German born, Jewish and of course, had to be on the move during her childhood in the 1940s, Eva Hesse lived an intense short life. She died at the age of 34. Yet she is the gift that keeps on giving.   Like my other favorite artist, Yves Klein, who also died at the age of 34.  Both artists, when I look at their work, deals with life as a force to reckon with - it’s not about early death, but living life intensely and correctly.  That word “correctly” has a moral tinge to it, and I don’t mean it in that sense.  For these two artists, there were choices in front of them, and both made the correct decisions.  Hesse had a rather odd and complicated family life - a manic - depressive mother including a step-mom who had the same name as her, but also suffered from brain cancer.  Apparently within weeks of Hesse’s actual illness. 

Hesse worked in the medium of paint, but also did sculptures using latex, fiberglass, and plastics.  There is for sure a substantial argument for and against the lasting of the material she used in her art work, but I feel Hesse knew her art pieces wouldn’t last forever due to the material she chose for her sculptures.  There’s a beauty in thought, knowing what you leave on this mortal earth will not last.   I often think of her sculptures in that light.  There are two works of art displayed in the current exhibition “Revolution in the Making” at Hauser Wirth & Schimmel by Hesse.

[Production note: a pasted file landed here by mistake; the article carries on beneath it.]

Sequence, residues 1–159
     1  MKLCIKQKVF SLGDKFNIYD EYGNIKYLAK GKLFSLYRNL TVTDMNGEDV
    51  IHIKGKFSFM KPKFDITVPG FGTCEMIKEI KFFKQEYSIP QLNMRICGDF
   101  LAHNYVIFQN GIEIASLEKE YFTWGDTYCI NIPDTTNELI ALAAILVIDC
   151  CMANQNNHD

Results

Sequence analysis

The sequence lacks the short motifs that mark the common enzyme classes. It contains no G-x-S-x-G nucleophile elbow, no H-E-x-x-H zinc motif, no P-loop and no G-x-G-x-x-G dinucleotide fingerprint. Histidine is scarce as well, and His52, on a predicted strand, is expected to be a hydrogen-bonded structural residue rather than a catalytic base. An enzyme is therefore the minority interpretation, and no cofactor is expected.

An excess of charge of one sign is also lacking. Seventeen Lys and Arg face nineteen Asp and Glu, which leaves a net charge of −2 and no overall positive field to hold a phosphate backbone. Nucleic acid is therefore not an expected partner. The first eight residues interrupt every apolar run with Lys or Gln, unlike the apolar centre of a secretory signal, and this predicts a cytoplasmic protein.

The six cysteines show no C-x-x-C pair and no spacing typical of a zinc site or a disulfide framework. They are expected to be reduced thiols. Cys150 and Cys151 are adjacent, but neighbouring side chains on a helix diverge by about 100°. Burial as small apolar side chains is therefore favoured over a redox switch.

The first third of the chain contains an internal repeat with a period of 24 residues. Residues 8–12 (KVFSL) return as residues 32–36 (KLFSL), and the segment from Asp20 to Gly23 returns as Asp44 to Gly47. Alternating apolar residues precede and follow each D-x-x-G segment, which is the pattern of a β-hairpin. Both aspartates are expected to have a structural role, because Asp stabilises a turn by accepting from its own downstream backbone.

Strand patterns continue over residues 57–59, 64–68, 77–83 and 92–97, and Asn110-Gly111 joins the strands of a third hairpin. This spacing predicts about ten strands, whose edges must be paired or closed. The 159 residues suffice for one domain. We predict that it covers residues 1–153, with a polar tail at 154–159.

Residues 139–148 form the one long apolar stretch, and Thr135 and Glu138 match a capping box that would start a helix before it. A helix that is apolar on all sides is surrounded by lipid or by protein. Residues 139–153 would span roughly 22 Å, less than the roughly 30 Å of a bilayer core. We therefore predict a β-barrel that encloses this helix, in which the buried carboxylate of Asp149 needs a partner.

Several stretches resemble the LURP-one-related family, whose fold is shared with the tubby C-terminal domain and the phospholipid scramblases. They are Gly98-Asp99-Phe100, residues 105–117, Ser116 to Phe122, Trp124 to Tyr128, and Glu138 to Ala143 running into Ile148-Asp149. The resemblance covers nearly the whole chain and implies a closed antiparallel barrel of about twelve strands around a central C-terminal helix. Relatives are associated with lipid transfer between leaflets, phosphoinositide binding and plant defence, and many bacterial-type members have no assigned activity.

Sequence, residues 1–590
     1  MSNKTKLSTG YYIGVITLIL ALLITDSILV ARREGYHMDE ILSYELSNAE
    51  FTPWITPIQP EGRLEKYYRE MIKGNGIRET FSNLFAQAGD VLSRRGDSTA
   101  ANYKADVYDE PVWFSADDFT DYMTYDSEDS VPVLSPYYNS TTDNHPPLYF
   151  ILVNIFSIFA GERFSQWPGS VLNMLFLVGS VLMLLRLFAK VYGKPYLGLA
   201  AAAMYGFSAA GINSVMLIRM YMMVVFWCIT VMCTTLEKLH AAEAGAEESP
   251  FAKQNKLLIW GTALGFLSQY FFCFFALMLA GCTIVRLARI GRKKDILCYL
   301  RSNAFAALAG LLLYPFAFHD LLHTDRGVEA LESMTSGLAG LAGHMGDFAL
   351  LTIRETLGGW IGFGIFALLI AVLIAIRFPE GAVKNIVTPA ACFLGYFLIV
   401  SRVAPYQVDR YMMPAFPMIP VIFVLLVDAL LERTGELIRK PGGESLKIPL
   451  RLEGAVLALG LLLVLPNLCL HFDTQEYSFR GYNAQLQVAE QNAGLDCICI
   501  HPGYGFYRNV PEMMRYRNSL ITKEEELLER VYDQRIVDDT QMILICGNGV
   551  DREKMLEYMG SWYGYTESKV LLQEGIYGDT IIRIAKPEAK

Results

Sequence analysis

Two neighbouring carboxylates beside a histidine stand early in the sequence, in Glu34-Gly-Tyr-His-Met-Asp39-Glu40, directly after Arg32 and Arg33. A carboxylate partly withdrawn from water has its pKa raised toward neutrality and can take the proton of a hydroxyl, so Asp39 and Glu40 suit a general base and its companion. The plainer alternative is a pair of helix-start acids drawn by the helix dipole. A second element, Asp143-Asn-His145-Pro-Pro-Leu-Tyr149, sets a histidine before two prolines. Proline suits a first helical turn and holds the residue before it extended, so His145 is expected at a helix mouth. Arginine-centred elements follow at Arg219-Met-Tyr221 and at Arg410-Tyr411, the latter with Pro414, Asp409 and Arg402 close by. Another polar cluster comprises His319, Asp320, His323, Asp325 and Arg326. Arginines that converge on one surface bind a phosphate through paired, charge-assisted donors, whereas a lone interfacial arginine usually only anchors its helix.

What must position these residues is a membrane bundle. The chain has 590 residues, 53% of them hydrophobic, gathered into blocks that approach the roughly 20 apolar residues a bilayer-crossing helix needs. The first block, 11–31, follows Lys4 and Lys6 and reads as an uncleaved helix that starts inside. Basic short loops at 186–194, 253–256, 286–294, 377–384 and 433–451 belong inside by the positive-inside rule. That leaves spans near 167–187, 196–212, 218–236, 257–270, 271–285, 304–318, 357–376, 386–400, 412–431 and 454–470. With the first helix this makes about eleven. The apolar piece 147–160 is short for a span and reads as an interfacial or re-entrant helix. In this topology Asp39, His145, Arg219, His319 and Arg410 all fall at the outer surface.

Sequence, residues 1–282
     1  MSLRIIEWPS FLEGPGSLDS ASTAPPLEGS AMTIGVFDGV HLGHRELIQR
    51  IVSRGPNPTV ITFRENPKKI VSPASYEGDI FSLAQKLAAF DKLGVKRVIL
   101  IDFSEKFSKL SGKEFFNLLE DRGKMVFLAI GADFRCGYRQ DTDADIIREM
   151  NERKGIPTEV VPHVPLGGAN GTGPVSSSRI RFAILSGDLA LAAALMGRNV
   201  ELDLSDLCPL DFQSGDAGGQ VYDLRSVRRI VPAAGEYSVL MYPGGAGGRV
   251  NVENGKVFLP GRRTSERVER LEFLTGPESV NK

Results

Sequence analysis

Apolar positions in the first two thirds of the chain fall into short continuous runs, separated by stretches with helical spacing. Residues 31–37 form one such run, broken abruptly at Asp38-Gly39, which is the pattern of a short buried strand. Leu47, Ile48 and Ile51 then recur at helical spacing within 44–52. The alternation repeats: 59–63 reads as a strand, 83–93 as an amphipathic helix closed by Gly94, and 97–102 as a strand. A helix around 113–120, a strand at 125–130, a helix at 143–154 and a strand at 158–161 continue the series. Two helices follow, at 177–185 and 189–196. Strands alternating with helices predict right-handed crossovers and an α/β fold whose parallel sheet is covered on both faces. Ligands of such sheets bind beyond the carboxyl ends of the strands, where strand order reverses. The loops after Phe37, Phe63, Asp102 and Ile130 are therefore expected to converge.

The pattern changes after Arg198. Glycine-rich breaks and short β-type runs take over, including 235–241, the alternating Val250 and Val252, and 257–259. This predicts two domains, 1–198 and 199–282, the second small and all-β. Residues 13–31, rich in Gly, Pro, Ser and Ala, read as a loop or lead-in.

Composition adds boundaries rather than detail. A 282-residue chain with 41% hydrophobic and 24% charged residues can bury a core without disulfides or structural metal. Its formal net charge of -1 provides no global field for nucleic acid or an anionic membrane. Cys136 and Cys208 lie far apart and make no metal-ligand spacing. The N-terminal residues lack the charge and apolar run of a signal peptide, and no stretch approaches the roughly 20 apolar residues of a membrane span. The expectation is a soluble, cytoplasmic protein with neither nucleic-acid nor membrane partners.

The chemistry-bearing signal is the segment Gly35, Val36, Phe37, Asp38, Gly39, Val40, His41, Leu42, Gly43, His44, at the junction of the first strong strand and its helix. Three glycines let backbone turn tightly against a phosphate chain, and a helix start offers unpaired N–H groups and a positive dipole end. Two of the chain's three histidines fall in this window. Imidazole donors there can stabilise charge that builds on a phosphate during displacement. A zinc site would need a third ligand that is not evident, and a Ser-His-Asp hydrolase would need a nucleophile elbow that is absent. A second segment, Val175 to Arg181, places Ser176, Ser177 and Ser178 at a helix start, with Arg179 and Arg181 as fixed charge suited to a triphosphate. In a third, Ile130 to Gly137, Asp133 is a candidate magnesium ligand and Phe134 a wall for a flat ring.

Eva Hesse "Aught"

“Aught” is four canvases with latex and filler stretched over it.  The photograph here (images give a hint of an artwork, but one really needs to see certain works in person) doesn’t show the fragility of the work.   Each canvas is different from the other.  Either by coloration or the aging of the work.  I could be wrong, but the four individual pieces that make up this work of art, I think, would have been identical, at the time they were made.  

Marcel Duchamp’s famous large glass art piece, covered by dust, and photographed by Man Ray is another work, that comments on time and how it affects art.   Not exactly a decay in the same sense of Hesse’s work, but the awareness of the passing of time, and to me, an obvious reflection or meditation.  It seems, when you read about her, Hesse’s life must have been difficult - yet the work she produced, is to me, a delight.  “Aught” changes over time, and that is what makes the work so powerful and beautiful.  Yet, it’s a work that needs to be re-visited many times.   The show has been up for four months already, so I come back to “Aught” repeatedly, and I feel each time I look at it, there is some sort of change - which I suspect it is more how I look at an object or art, but nevertheless, there is something about it that changes.  I imagine if you’re the owner, you can look at this work on a consistent basis for decades, noticing a change here or there - but for us (the others) we can only see it for short periods of time.  So with respect of time passing, it is not our time that is going by, but the work itself that is commenting on that passage from one point to another.  

Eva Hesse "Augment"